Skincare

Here’s why we’re adding sulfur to our beauty regimen

December 13, 2016
young black beauty with perfect skin

Image: And-One/Shutterstock

What crosses your mind when someone mentions sulfur? Most of us know sulfur as a stinky gas that we smell when a rotten egg is left in the back of the refrigerator. We don’t think of it as a beauty aid, and we certainly don’t wonder if we should rub it on our faces.

But, the truth is, sulfur is an amazing beauty tool that is great for use in ointments and lotions. You can bathe in it, cleanse with it, and even eat it!

Don’t believe me?

Read on.

About Sulfur

The natural mineral sulfur is abundant all over the planet and we eat it in many of the common foods that we consume. It is one of the main building blocks in the body that contributes to healthy joints, skin, and digestion. It actually is the third most concentrated mineral in the body, which makes up amino acids that create proteins, hormones, antibodies, cells, tissues, and enzymes. While it can have a sort of skunk-like smell, it can be very helpful for the proper functioning of the body.

How Sulfur Helps

The real question is: How does it not help?

Dermatologists sometimes suggest topical sulfur ointment for treating dandruff, warts, skin discoloration, hair follicle infections, and even shingles. It has also been proven to help treat a wide variety of health conditions including persistent skin conditions like eczema, acne, and psoriasis.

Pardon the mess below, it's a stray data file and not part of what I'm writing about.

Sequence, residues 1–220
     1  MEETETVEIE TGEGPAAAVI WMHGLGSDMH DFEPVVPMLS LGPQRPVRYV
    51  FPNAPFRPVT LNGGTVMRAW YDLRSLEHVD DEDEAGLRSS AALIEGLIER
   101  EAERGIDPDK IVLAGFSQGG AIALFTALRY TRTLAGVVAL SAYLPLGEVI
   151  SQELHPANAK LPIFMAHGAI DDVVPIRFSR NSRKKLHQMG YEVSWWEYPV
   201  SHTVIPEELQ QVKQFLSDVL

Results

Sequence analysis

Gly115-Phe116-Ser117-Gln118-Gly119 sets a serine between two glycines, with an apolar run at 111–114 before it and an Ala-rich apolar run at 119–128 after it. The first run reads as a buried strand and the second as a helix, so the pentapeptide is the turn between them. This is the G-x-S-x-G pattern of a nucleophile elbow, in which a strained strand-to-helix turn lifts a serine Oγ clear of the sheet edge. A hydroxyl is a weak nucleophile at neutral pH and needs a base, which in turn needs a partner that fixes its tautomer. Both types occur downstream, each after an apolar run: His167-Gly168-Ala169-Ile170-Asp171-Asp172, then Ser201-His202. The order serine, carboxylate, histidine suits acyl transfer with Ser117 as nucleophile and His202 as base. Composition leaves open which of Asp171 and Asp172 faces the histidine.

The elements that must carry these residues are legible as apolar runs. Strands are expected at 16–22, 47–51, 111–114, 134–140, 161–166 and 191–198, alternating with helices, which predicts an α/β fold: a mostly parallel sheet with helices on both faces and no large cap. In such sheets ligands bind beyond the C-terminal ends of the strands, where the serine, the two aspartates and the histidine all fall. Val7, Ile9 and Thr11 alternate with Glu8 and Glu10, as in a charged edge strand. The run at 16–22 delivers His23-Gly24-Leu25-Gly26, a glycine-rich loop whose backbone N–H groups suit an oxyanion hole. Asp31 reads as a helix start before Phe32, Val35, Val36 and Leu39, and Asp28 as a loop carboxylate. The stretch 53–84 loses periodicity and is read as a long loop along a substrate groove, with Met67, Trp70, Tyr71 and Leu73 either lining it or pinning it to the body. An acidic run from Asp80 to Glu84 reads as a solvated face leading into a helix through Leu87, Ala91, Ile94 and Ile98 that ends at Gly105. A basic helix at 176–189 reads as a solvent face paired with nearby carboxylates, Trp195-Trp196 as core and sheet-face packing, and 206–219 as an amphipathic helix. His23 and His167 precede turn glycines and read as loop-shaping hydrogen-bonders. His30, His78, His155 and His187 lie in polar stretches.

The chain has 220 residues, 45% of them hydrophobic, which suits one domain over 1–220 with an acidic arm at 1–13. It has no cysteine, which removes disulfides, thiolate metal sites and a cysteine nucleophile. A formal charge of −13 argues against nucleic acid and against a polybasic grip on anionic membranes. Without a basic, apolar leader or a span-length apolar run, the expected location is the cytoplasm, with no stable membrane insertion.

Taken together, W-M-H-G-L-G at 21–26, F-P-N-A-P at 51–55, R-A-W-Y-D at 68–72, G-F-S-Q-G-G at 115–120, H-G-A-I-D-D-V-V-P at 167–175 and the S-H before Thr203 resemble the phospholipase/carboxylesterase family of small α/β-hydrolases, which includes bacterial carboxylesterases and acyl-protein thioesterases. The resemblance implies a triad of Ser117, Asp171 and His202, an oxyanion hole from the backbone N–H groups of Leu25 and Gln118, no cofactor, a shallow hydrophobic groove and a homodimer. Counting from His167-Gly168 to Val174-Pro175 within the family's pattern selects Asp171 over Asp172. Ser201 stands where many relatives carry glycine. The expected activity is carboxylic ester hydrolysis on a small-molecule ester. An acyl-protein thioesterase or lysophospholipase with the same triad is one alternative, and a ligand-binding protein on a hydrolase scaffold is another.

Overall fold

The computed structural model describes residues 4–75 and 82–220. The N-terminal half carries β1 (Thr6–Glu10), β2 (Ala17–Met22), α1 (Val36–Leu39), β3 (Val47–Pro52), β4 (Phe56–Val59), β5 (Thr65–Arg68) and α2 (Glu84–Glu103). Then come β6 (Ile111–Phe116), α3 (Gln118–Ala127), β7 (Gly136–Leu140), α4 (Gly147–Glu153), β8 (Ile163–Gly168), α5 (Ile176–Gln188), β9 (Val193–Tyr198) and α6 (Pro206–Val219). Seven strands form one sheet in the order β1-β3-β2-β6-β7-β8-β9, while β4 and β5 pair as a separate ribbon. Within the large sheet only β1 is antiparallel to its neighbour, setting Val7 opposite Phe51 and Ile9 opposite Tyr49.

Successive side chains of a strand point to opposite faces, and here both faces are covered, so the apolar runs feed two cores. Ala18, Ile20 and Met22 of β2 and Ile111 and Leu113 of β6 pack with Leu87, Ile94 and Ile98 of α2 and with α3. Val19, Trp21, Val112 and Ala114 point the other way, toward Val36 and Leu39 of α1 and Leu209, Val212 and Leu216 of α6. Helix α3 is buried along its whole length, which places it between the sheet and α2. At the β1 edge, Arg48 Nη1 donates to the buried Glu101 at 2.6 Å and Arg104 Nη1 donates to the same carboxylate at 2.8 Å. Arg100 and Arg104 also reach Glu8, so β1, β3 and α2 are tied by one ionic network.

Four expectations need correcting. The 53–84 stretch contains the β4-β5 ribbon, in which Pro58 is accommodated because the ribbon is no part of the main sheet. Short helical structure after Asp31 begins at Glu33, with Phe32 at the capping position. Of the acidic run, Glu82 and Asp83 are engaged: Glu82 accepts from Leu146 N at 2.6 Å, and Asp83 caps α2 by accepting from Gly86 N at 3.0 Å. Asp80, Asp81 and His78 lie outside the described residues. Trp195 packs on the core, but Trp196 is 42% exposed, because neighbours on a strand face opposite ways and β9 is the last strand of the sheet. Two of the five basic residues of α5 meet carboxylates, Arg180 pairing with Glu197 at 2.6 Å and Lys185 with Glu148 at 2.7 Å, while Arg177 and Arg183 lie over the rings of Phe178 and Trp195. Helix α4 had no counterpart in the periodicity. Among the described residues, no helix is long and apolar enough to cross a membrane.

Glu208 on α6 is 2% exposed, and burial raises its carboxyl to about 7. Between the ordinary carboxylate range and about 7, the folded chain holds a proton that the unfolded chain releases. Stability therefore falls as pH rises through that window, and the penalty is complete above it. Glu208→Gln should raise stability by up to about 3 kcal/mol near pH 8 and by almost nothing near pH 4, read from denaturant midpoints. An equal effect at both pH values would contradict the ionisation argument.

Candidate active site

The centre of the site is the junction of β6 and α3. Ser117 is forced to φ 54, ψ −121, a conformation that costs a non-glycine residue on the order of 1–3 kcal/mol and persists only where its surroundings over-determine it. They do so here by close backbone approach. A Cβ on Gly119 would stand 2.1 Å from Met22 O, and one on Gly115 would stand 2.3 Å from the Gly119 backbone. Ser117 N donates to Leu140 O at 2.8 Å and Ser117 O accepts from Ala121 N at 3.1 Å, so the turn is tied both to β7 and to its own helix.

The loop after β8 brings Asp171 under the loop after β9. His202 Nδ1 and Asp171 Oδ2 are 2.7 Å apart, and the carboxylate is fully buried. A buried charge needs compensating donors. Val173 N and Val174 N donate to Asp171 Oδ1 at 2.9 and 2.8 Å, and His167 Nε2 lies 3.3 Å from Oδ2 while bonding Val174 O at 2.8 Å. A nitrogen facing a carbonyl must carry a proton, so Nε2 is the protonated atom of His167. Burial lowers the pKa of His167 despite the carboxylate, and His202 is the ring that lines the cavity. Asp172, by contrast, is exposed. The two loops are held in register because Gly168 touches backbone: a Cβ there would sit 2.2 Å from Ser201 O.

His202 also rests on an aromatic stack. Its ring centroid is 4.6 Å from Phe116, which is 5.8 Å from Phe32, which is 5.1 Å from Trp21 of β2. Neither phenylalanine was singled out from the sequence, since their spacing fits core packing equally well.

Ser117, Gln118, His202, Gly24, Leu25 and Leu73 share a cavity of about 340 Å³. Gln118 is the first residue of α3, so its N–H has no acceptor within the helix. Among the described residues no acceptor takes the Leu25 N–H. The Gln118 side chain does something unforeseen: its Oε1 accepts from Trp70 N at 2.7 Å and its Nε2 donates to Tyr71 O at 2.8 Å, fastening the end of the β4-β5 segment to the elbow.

The mineral appears to assist in killing bacteria on the skin as well as sloughing off old, dead, excess skin. Many people use sulfur’s antioxidant effects to detoxify, using the body’s natural production of glutathione. There is also a great deal of evidence to suggest that sulfur can help with bone and joint health as well as muscle growth. Some studies even suggest that it may provide an energy boost.

It is so powerful and abundant that it’s no wonder so many people are adding it to their beauty regimen!

How Do I Apply It?

For skin, sulfur products are almost always in the form of a topical cream, ointment, etc. Some people take mud baths containing sulfur, while others use cleansers, gels, or lotions. These may be over-the-counter or prescribed by your doctor. Follow the instructions on the packaging. Also, make your best effort to get as many sulfur-rich foods into your daily meals as you can.

Foods rich in sulfur include:

  • Fruits (all)
  • Beer
  • Coffee
  • Raw milk
  • Eggs
  • Beef
  • Chicken
  • Fish
  • Nuts
  • Seeds
  • Soy products
  • Asparagus
  • Brussels sprouts
  • Garlic
  • Onions
  • Kale
  • Wheat germ
  • Leafy green vegetables

So, there you have it. You doubted whether or not it was true. Admit it. You thought we were making it up. But, nope. It is true. Sulfur is a necessary component to your health and skincare regimen. Want to look and feel great for years to come? Sulfur is the answer… or, part of it, at least.

Jessica Walrack is a gal from California who loves to write. She has been freelance writing for 4 years while traveling the world. Jessica specializes in travel, fashion. health, and all things beauty-related.

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